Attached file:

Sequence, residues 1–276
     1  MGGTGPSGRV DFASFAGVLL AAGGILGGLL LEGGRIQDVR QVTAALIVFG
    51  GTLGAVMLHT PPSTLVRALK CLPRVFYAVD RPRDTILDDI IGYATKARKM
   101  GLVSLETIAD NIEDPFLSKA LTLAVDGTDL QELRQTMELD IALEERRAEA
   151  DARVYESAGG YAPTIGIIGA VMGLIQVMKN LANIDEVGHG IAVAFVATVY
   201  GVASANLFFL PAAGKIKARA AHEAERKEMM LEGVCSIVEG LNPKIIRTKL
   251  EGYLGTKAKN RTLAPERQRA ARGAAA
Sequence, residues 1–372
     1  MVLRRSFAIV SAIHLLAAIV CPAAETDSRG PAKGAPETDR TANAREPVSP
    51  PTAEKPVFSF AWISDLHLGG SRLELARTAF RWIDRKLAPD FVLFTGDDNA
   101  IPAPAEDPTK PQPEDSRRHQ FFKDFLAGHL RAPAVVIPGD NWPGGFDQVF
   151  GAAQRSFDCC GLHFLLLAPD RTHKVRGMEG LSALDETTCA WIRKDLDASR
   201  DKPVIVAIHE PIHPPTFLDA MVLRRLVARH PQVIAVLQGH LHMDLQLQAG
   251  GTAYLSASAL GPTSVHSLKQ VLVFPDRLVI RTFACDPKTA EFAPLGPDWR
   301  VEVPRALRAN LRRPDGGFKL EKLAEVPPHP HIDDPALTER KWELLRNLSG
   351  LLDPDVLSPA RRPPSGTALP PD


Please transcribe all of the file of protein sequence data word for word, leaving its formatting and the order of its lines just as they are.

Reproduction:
Sequence, residues 1–276
     1  MGGTGPSGRV DFASFAGVLL AAGGILGGLL LEGGRIQDVR QVTAALIVFG
    51  GTLGAVMLHT PPSTLVRALK CLPRVFYAVD RPRDTILDDI IGYATKARKM
   101  GLVSLETIAD NIEDPFLSKA LTLAVDGTDL QELRQTMELD IALEERRAEA
   151  DARVYESAGG YAPTIGIIGA VMGLIQVMKN LANIDEVGHG IAVAFVATVY
   201  GVASANLFFL PAAGKIKARA AHEAERKEMM LEGVCSIVEG LNPKIIRTKL
   251  EGYLGTKAKN RTLAPERQRA ARGAAA
Sequence, residues 1–372
     1  MVLRRSFAIV SAIHLLAAIV CPAAETDSRG PAKGAPETDR TANAREPVSP
    51  PTAEKPVFSF AWISDLHLGG SRLELARTAF RWIDRKLAPD FVLFTGDDNA
   101  IPAPAEDPTK PQPEDSRRHQ FFKDFLAGHL RAPAVVIPGD NWPGGFDQVF
   151  GAAQRSFDCC GLHFLLLAPD RTHKVRGMEG LSALDETTCA WIRKDLDASR
   201  DKPVIVAIHE PIHPPTFLDA MVLRRLVARH PQVIAVLQGH LHMDLQLQAG
   251  GTAYLSASAL GPTSVHSLKQ VLVFPDRLVI RTFACDPKTA EFAPLGPDWR
   301  VEVPRALRAN LRRPDGGFKL EKLAEVPPHP HIDDPALTER KWELLRNLSG
   351  LLDPDVLSPA RRPPSGTALP PD